The Army on Friday remembered two black civilians whose deaths led to a broad look at racism in the ranks, and disclosed new details of the military’s vigilance against extremism.
Even tattoos are now screened for possible racist or extremist meanings, and several soldiers already have been discharged because of tattoos they wouldn’t remove, said Lt. Gen. John Keane, 18th Airborne Corps commander.
“Just as cancer affects good people, extremism crept into the ranks of America’s great army,” Keane said at a memorial service for Jackie Burden, 37, and Michael James, 36.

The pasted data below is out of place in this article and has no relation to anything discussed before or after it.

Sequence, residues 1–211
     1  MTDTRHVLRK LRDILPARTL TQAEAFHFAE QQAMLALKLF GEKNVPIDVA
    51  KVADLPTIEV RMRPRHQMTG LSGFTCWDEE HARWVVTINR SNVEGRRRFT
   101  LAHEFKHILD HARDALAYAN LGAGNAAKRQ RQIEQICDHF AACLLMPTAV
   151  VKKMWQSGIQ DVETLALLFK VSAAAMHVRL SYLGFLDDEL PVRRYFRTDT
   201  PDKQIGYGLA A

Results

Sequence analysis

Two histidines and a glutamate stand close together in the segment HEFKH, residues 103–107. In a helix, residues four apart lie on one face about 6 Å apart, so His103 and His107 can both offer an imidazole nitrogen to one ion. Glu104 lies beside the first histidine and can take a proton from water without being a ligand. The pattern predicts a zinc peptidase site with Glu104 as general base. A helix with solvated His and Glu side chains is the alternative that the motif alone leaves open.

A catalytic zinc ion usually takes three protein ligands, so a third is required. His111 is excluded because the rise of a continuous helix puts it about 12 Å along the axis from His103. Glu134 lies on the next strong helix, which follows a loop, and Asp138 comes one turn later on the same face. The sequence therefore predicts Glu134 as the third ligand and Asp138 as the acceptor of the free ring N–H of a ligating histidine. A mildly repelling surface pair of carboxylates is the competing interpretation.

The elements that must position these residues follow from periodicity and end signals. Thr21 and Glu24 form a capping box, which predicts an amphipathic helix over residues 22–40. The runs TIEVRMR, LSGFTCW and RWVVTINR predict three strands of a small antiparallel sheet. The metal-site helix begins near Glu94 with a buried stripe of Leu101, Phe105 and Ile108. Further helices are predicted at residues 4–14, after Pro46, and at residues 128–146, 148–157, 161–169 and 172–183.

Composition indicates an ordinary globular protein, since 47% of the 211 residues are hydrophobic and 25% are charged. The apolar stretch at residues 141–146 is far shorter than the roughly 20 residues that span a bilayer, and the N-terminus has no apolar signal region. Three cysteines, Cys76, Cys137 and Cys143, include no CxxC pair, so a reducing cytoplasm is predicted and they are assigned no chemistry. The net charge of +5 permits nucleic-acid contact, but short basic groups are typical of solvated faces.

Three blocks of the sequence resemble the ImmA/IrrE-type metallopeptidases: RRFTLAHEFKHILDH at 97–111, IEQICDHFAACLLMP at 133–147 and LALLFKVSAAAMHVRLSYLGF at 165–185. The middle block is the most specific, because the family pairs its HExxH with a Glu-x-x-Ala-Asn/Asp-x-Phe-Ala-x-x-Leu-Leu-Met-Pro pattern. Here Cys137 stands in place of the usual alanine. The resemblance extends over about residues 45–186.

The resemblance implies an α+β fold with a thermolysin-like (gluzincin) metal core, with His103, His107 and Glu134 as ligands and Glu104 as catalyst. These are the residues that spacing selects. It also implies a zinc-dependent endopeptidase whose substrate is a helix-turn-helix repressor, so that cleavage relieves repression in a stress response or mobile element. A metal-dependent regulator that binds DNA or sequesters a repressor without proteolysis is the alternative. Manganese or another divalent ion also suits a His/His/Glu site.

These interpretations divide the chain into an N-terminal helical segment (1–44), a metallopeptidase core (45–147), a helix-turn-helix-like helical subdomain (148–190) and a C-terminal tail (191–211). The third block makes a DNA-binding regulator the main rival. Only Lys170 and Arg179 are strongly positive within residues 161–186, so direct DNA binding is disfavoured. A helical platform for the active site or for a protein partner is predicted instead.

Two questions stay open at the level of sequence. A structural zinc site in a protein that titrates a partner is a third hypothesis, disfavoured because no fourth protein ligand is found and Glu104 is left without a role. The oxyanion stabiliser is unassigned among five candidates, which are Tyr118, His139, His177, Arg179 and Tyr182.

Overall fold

Two 82nd Airborne Division soldiers were charged with murder and a third with conspiracy in the Dec. 7, 1995, deaths. The three have been discharged and await trial.
About 300 people attended the anniversary service, including Burden’s aunt, Carveline McLean, who said Army efforts had eased racial tensions “a little bit.”